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Storm Warning (Jan. 17, 1951)

Storm Warning
Storm Warning (1951)
Directed by Stuart Heisler
Warner Bros.

Storm Warning is an incredibly frustrating film. It was one of the first films made since D.W. Griffith’s The Birth of a Nation (1915) to openly depict the Ku Klux Klan, but Storm Warning completely whitewashes (no pun intended) the Klan’s religious and social prejudices and history of racially motivated violence.

About the only good thing I can say about The Birth of a Nation is that it was completely open about its agenda; it was racist propaganda through and through. Storm Warning, on the other hand, is a well-meaning anti-Klan film, but if the script ever contained any pointed messages, they were stripped out one piece at a time until only a few tantalizing details remained.

After I watched Storm Warning I read a bunch of reviews online, and was depressed by the number of people who justified the film’s focus only on white characters by saying that the Ku Klux Klan also killed white people like the Freedom Riders, and that this film just “showed the other side of the coin.” These people are either deeply ignorant or crypto-racists, because to ignore the Klan’s racial animus is to ignore history itself.

I read one review that said the term “Ku Klux Klan” is never spoken in the film, and that the white-robed racketeering organization depicted in the film is only ever referred to as “the Klan” (or possibly “the Clan”), but this is not true. The words “Ku Klux Klan” are spoken once, by a television news reporter outside of the courthouse.

Also, the film takes place in the town of “Rock Point,” which sounds like a coastal Maine vacation destination and looks and feels exactly like a small town in California, which is because that’s where Storm Warning was filmed. Most of the characters don’t speak with a Southern accent, and a few even sound like they didn’t leave New York City before they turned 21. The Klan was active outside of the South, but this film doesn’t take place anywhere. It’s a nebulous Hollywood small-town America that rings as false as the film’s story.

Cochran and Rogers

Storm Warning is a frustrating film because there’s so much good going on in it. I really like Ginger Rogers as a dramatic actress, and I thought she was wonderful in this film. The opening sequence in which she witnesses the Klan drag a reporter out of the town jail and murder him, then flees for her life, is stunning. Carl E. Guthrie’s cinematography is gorgeous and makes me wish he had worked with more prestigious directors instead of toiling in the “B” trenches for most of his career.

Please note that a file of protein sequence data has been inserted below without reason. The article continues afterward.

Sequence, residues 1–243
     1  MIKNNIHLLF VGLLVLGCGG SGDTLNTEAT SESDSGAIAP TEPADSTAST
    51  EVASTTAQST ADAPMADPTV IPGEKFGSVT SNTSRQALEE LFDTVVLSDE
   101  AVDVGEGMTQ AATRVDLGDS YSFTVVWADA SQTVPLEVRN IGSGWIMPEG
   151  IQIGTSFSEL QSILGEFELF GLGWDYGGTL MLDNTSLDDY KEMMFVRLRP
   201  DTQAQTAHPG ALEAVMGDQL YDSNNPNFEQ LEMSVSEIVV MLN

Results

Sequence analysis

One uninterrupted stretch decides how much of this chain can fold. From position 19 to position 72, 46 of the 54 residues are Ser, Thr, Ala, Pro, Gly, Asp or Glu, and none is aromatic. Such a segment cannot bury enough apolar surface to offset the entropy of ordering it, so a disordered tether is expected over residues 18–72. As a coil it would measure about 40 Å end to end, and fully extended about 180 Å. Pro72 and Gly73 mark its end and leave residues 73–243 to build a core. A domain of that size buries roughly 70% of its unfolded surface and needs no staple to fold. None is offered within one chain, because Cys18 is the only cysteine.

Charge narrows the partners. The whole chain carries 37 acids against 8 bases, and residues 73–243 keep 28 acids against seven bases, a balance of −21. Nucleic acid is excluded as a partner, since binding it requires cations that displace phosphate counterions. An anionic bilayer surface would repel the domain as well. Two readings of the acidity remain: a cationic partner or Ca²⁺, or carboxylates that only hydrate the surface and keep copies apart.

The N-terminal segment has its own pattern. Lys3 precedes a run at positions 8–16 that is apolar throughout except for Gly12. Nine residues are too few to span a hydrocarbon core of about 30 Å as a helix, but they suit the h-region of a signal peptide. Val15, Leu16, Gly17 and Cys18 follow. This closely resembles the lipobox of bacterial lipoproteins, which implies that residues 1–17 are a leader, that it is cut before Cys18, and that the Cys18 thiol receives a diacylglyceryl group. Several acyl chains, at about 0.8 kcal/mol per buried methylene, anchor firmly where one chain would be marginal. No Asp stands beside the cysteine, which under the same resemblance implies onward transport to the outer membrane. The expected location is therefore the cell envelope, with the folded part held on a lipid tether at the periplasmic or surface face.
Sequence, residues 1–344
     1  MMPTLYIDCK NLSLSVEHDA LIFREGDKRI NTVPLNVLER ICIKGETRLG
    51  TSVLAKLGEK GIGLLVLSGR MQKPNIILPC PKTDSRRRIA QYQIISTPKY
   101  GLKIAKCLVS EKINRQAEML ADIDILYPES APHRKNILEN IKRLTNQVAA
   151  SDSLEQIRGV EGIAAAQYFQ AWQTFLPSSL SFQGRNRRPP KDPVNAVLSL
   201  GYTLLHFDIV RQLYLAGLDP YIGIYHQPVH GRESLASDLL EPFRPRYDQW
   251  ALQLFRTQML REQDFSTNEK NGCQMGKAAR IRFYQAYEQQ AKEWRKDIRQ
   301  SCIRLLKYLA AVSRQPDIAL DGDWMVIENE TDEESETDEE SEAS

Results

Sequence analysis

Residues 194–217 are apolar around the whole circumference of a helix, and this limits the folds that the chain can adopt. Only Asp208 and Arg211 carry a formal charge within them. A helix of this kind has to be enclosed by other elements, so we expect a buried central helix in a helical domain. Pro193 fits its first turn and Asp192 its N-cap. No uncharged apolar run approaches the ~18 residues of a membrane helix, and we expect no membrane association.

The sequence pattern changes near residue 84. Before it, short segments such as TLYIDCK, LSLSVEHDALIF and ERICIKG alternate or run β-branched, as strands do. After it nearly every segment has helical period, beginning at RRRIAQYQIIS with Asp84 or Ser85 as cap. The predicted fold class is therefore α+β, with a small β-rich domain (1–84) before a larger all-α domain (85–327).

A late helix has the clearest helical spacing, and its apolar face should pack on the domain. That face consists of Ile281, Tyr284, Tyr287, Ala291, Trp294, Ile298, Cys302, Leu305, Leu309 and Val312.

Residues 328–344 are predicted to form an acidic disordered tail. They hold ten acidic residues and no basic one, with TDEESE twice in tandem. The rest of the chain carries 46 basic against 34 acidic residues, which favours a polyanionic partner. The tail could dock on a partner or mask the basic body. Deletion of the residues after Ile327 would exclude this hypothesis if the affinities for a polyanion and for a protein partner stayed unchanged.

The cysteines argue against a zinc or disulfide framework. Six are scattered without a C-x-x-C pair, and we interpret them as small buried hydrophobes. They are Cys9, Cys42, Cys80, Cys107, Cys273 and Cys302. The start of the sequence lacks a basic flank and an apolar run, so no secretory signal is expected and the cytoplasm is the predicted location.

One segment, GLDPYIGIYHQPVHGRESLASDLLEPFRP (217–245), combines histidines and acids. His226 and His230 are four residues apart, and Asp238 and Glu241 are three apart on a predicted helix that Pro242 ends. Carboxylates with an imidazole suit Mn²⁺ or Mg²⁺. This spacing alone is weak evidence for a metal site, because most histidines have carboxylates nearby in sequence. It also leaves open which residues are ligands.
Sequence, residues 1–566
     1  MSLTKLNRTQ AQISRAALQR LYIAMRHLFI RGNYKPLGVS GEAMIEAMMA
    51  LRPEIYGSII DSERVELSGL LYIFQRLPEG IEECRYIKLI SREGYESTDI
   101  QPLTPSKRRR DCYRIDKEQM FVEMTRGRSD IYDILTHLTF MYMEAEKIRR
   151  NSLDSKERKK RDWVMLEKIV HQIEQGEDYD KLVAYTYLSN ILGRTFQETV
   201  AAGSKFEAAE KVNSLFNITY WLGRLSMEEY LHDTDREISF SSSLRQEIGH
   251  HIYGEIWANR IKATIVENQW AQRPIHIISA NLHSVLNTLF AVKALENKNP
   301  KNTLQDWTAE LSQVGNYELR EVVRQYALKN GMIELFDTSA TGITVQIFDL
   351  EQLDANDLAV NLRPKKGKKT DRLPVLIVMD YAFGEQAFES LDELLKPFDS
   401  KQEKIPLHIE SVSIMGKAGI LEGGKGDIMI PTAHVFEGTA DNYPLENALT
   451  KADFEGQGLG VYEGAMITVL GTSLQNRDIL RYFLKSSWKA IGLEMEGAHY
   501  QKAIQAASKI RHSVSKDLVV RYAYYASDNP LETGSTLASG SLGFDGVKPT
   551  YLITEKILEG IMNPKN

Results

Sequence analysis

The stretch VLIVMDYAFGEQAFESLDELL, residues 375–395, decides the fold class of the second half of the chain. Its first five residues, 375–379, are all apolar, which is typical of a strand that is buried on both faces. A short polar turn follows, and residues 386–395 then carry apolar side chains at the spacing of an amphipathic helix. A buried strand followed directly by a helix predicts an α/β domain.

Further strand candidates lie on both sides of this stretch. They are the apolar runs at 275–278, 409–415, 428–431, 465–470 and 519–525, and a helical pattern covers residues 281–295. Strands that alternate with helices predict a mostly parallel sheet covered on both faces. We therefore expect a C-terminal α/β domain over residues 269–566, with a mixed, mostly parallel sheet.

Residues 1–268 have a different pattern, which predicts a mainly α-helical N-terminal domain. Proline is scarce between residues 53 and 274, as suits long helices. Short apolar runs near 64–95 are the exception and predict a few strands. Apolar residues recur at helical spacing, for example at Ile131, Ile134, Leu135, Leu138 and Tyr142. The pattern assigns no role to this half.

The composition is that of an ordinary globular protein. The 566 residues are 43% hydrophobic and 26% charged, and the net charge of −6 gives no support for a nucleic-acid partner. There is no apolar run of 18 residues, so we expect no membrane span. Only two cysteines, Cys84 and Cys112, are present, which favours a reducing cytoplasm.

Stuart Heisler’s direction is workmanlike, but he keeps things moving along at a nice pace. Doris Day and Ronald Reagan both deliver competent performances, but the most interesting performance in the film is Steve Cochran’s role as Day’s husband — Ginger Rogers’s brother-in-law. To say that his character is lifted directly from Tennessee Williams’s 1947 play A Streetcar Named Desire is an understatement.

Marlon Brando had been playing the role of Stanley Kowalski on Broadway for a few years when Storm Warning was made, and Cochran’s slow-witted, sweaty, violent, childlike, and white T-shirted brute is incredibly similar to Stanely Kowalski, right down to a penchant for bowling and attempted rape. Is it a coincidence that Warner Bros. — the studio that made Storm Warning — is the same studio that brought A Streetcar Named Desire to the screen less than a year later? I kind of doubt it.

Klan rally

Storm Warning is a great-looking film with some good performances and a laughably milquetoast story considering the subject matter.

It’s curious that the film retains real-world terms like “Klan” and “Imperial Wizard” and details like nighttime rallies, Klan uniforms, lynchings, and burning crosses while barely acknowledging that African-Americans exist, let alone the motivations behind the formation of the KKK in the Reconstruction-era South and its campaign of terror against black Americans and its hatred of Jews and Catholics.

Whatever socially progressive intentions were present in the original script by Daniel Fuchs and Richard Brooks, what ended up on the screen is laughable. Framing the Klan as a greedy racketeering organization who are only opposed to “outsiders,” “troublemakers,” and “busybodies” is cowardly, and framing their victims as exclusively white is ridiculous.

Seeing Ginger Rogers bullwhipped at a Klan rally is the stuff of high camp; it’s more appropriate for the cover of a spicy pulp magazine than any kind of social exposé. Also, the fact that she’s saved by a heroic prosecuting attorney played by Ronald Reagan is ironic, since Reagan would go on to use the term “states’ rights” as a dog-whistle appeal to racist Southern voters when he was campaigning for president in 1980.

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